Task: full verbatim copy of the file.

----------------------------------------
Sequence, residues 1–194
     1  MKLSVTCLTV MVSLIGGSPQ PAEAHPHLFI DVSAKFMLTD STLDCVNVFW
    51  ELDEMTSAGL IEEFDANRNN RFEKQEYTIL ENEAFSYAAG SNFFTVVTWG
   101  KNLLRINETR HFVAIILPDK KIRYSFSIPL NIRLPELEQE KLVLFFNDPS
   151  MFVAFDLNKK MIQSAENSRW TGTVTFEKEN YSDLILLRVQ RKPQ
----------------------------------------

Sequence, residues 1–194
     1  MKLSVTCLTV MVSLIGGSPQ PAEAHPHLFI DVSAKFMLTD STLDCVNVFW
    51  ELDEMTSAGL IEEFDANRNN RFEKQEYTIL ENEAFSYAAG SNFFTVVTWG
   101  KNLLRINETR HFVAIILPDK KIRYSFSIPL NIRLPELEQE KLVLFFNDPS
   151  MFVAFDLNKK MIQSAENSRW TGTVTFEKEN YSDLILLRVQ RKPQ